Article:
For Victorian emergency personnel the most common cause of call-outs for them is alcohol induced incidents.
According to a report into Vic ambulance call outs drugs and alcohol are the greatest cause for emergency treatment. Drugs in particular are becoming an increasingly serious problem but alcohol still tops the list. A drug called “ice” has been singled out as a particularly problematic problem in the state with the number of users increasing at a rapid rate.
This article on Abc.net.au explains more:
A report into Victorian ambulance call outs for drug-related incidents shows there has been a huge increase in the number of people needing medical attention after using crystal methamphetamine, known as ice.
The report by the Turning Point Alcohol and Drug Centre and Ambulance Victoria found there were 592 call outs for people using ice in 2011-2012, compared to 282 the previous year.
That is a rise of almost 110 per cent.
The organisation’s Belinda Lloyd says the drug has the potential to have severe mental and physical effects on users.
The article goes on to explain that the 592 call outs related to a range of health issues experienced by ice users, including people who had overdosed or been suffering with mental health side effects such as psychosis.
Victims of violence are also among the ambulance call-outs caused by drugs and alcohol.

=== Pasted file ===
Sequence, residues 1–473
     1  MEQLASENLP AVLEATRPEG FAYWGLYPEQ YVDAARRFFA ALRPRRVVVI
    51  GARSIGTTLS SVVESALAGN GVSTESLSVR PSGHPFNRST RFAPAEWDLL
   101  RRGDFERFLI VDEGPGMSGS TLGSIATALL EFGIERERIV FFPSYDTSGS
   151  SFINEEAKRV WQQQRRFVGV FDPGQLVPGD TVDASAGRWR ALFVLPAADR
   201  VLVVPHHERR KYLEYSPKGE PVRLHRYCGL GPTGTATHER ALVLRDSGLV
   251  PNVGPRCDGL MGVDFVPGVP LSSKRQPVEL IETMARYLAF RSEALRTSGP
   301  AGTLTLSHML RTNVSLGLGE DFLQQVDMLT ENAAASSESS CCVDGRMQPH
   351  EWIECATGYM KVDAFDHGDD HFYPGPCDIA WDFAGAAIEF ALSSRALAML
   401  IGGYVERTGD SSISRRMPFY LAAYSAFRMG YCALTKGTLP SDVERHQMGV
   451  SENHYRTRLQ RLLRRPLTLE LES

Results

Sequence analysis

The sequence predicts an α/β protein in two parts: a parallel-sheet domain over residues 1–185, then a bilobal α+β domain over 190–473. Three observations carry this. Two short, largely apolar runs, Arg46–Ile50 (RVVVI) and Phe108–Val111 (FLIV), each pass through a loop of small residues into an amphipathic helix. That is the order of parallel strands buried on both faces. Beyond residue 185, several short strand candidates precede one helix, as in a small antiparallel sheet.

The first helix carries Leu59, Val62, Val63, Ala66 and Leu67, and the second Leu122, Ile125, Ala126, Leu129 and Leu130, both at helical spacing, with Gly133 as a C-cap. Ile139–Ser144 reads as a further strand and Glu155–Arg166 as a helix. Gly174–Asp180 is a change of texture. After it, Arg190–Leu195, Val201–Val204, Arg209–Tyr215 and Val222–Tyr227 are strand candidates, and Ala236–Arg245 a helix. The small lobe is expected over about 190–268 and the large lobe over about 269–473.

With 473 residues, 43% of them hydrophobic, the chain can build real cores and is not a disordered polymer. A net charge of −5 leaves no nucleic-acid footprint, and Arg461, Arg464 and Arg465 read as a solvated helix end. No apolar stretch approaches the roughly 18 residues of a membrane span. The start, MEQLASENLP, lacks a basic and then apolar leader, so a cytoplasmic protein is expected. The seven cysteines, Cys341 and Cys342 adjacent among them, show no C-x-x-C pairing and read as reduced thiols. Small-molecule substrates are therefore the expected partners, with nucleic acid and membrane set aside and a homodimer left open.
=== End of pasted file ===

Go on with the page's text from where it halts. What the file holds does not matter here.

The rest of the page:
Others were as a result of motorists who were drug driving or people injured as a result of road crashes caused by drugged drivers. This is an increase from 2009/2010 when there were 136 cases as compared with the 592 in 2011-2012.
In Melbourne in particularly, alcohol related call-outs remain the most common type.
The post goes on to explain:
Dr Lloyd says it is a worrying trend.
She says the 2009/2010 figures showed only 136 cases.
The report also shows that alcohol continues to top the list of most drug-related call outs in Melbourne.
There was a 27 per cent increase in 2011/2012, compared to the previous year.
“Society’s seeming acceptance of alcohol consumption has to stop,” she said.
The report shows for regional Victoria, Greater Geelong had the highest number of alcohol-related ambulance attendances.
But she said there were some encouraging figures.
Ambulance attendances in Melbourne for anti-depressants was down 12.8 per cent, antipsychotics down 8.5 per cent and anticonvulsants down almost 10 per cent.
In addition to taking up the time of emergency personnel who could rather be saving a life elsewhere, people who drink and drive may not be lucky enough to escape with their lives and may even take innocent lives with them.
Although there is no absolute safe level of alcohol consumption for competent driving, Australia’s strict laws about drinking alcohol and driving allow the legal limit of 0.05 BAC.
BAC is a measurement of the amount of alcohol in your body, expressed as grams of alcohol per 100ml of blood. For fully licensed car drivers the legal limit of 0.05 BAC means 0.05gm alcohol per 100ml of blood.